We wanted a platform that was ambidextrous so that anyone could use it…and make sure we could provide plenty of options to allow accessories to go where the user needed them. Getting around that was tough, because we had to work with several dozen scopes. Each scope having its own windage knobs, parallax knobs…different things that are on the scopes themselves…then we had to get around the two half-inch nuts that are on left the side of the Condition One mount.
It was a tough thing to play around with and we ended up going through dozens of different scopes during our testing…plugging in platform after platform, making different models and prototypes, to ensure that everything would clear.
What we ended up with was the understanding that we needed to have forward mounting solutions for guys who prefer their accessories to be forward of their scope. We then needed rearward stuff because in some instances, guys want things like bubble levels up close to them so that they can see them. Some guys also preferred their red dots being closer to them. Because of that, we knew we needed to do “left, right, front and back.”
Q: You also then had to make sure the red dots could fit however the user wanted, correct?
Jordan Gerber, Badger Ordnance – That’s correct. For the red dots themselves, we figured out we needed to have the plates themselves have different mountable positions. This is because depending on the scope, the way the knobs sit can be very different.
We approached it so that we could give guys as many options as we possibly could so that end users could clear all of their equipment depending on whatever situation or task they faced. It was a real challenge to make sure that they could accomplish this with our Condition One mount. It was a lot of going back and forth. We’ve had the Condition One project sitting here way longer than many people have seen. We just were not in a position to bring it out…we first had to make sure it was completely tested.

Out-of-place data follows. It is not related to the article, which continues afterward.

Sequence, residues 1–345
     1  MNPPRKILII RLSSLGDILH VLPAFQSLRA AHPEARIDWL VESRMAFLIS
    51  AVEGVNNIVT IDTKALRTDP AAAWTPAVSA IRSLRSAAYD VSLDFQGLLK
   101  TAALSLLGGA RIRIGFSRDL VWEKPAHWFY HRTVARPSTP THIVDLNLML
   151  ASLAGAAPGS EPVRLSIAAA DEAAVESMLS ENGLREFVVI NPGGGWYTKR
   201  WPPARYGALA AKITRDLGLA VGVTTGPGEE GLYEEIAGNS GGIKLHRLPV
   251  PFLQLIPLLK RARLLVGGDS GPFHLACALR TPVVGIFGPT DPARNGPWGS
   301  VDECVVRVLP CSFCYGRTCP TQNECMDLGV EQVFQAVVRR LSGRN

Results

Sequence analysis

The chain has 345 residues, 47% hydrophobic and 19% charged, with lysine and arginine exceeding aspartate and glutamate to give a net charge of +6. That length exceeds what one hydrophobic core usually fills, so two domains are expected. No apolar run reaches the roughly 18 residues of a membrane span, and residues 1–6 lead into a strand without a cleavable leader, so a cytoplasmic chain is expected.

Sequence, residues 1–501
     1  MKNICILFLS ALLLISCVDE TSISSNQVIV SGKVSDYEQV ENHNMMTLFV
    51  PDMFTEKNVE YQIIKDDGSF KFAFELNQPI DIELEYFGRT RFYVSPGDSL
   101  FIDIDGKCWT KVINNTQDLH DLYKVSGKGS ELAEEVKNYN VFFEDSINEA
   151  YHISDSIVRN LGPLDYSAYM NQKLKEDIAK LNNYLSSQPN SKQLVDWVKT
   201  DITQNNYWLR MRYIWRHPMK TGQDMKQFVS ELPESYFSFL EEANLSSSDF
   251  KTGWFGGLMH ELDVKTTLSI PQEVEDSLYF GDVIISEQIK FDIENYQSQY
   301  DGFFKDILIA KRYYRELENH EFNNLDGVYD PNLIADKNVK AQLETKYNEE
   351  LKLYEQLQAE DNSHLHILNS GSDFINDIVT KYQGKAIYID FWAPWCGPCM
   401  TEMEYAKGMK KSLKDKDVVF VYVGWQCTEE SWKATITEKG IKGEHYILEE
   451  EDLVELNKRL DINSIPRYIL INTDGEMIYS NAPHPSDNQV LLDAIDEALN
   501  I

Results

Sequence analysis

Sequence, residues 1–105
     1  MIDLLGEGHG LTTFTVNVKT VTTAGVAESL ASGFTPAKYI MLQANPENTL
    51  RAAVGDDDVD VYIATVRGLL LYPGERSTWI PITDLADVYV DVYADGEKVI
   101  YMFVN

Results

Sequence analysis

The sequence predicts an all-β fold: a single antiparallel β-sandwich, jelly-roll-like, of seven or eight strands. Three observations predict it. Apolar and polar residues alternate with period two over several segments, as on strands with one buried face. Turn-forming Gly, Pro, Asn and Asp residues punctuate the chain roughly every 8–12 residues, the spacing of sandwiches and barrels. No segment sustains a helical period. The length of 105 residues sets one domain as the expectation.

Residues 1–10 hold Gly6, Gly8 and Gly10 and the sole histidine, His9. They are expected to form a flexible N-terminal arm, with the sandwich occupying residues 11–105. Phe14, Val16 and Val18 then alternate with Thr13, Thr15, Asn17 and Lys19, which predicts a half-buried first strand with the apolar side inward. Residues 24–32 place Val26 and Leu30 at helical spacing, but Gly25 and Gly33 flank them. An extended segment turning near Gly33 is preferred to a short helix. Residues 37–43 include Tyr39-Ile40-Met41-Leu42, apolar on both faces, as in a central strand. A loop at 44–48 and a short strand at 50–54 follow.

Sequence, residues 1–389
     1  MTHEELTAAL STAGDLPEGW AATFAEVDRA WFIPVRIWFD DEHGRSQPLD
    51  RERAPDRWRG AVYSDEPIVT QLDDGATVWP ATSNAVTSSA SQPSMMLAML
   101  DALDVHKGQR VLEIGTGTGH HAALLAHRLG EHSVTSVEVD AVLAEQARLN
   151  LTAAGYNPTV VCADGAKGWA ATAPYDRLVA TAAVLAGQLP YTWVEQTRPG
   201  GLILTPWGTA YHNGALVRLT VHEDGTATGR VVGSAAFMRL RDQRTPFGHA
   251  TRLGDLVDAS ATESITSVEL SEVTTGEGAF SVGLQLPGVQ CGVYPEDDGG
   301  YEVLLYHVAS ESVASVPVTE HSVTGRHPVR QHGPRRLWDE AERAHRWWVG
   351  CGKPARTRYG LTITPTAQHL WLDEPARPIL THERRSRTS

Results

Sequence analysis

Q: Can you talk about the different heights that you offer for the Condition One mount and why you might want one over the other?
Jordan Gerber, Badger Ordnance – The 1.54 height is the lowest we have now, and that one is specifically made to be able to work with in-line clip-on night vision. If that is a concern for you, and you decide that you need exactly the same one-to-one height with your clip-ons, this is the one you need.
On the other end, we have the 1.93. That height…you can listen to experts like Chuck Pressburg who talks about where this comes from, but a lot of guys are looking for a “heads-up” shooting position. The 1.93 setup really shines in that role…sort of an “assaulter-esque” style of shooting. Having your head straight up and being able to grab that optic without having to have your head down scrunched up against your buttstock…1.93 is a great height for that.